It’s been a bit over a week now since the start of the new year, which means a return to work for many. For a lot of folks being back on the job might also mean a return to feeling tired and stressed out, which means it’s a good time for a friendly reminder about the importance of self-care.
Self-care can take many forms, as what each individual needs in any given moment will of course vary. Here are just a handful of simple, easy things to help make life that little bit better if you find yourself feeling stretched to your limits this week or in the future.
It’s the start of a new year and for many people that means the making (and maybe breaking…) of new year’s resolutions. While I don’t make resolutions myself, ticking over into a new year does make me more mindful of my tendencies and habits. It’s important to tweak or phase some things out from time to time, and maybe even to introduce a new practice or two for the benefit of your total wellbeing.
One thing that always seems to better my life at any given moment is spending time in nature, and it’s something I strive to do even more of. There are a TON of ways in which being in a natural setting for even a short amount of time can improve wellbeing. Many studies have been done showing nature’s ability to boost mood and self-esteem, inspire awe (which in turn fosters kindness and other prosocial behaviors), improve creative reasoning, and reduce stress.
With all this in mind, here are seven suggestions for anyone resolving to get their nature fix in this new year.
Although this year’s Thanksgiving Day has come and gone, I feel it’s always the perfect time to practice giving thanks for the many positive things and wonderful people we have in our lives. With this in mind, I’ve done a bit of brainstorming and put together my own little A-Z of Gratitude after being inspired by other bloggers and writers across various platforms.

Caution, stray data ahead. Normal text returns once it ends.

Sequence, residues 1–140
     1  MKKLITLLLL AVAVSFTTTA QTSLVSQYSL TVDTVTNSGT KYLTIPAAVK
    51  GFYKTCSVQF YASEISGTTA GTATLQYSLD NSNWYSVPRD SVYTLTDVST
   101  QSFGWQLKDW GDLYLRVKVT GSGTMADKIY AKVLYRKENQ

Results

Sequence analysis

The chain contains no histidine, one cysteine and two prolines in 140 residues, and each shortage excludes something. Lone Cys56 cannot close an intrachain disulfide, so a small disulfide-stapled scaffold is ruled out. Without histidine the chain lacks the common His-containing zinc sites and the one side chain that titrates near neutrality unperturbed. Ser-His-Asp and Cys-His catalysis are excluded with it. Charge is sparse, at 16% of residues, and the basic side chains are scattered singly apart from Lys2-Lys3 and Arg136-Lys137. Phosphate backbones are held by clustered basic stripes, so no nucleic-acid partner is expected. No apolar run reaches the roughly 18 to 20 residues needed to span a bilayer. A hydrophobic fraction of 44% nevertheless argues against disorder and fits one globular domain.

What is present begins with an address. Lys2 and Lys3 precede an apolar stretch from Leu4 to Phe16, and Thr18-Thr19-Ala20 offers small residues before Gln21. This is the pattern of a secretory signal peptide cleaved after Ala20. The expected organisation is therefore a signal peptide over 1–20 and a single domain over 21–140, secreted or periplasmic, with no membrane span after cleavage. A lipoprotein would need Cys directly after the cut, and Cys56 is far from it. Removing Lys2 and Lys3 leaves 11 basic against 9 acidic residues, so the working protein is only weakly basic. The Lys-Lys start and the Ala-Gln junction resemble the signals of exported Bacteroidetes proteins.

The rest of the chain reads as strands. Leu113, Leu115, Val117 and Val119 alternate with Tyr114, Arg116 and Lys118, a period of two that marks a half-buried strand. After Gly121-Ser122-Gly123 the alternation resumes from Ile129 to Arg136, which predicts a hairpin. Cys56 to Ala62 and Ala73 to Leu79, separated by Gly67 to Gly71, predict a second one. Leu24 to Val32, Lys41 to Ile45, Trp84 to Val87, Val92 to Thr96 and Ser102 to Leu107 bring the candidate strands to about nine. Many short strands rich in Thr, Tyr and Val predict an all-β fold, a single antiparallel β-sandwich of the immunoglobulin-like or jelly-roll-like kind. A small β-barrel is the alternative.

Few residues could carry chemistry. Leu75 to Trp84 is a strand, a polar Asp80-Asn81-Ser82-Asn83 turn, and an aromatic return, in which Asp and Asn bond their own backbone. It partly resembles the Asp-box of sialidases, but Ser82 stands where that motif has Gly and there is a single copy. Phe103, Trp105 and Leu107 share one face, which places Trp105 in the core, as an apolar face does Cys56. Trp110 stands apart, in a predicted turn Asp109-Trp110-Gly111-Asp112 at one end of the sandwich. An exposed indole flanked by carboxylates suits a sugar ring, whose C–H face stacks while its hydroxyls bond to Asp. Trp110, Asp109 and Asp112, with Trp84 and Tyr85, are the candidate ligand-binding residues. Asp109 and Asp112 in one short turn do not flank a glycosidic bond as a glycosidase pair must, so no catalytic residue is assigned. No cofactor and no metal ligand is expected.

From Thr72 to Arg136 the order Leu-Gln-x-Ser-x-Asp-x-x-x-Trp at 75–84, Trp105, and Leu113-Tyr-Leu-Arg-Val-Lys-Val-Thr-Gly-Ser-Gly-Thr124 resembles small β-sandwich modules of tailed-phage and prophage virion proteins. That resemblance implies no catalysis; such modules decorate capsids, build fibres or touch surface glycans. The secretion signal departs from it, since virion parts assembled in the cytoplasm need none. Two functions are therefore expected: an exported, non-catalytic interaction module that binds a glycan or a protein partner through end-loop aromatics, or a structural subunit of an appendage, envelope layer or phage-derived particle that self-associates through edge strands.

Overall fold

Feeling inspired too? Feel free to share your list in the comments below.
I’m grateful you’ve stopped by… 🙂 Read More
Winter is definitely coming (…or perhaps it’s already here, depending on where you live in the world…), which means it’s time to start preparing for darker days and colder temperatures. But fear not, seekers of light and coziness! Winter can still be a time of wellbeing and contentment, so long as you do your best to shut out the seasonal blues.
Here are a few suggestions and friendly reminders that will hopefully help you feel merry and bright throughout the coming months.
Read on for more…
In honor of World Mental Health Day today, here are a few simple mindfulness practices you can try if you have less than 30 minutes to spare. Try one or all of these mindful moments challenges during a break at work or once you come home – it’s up to you.
What is mindfulness, you might ask? For me, mindfulness is when I am aware of the present moment. I am gently focused on what I am feeling and sensing in the moment, without passing any judgment on those things as best I can. I am not overwhelmed by what is going on around me, and I neither dwell on the past nor try to anticipate the future. I say ‘I’ in all of this but – truth be told – my wandering, imaginative mind often finds it a bit of a challenge to achieve this state of being! But that’s OK – it just takes practice.
Anyway, without further ado, here are 3 little opportunities to practice a bit of mindfulness in our every day lives. Read More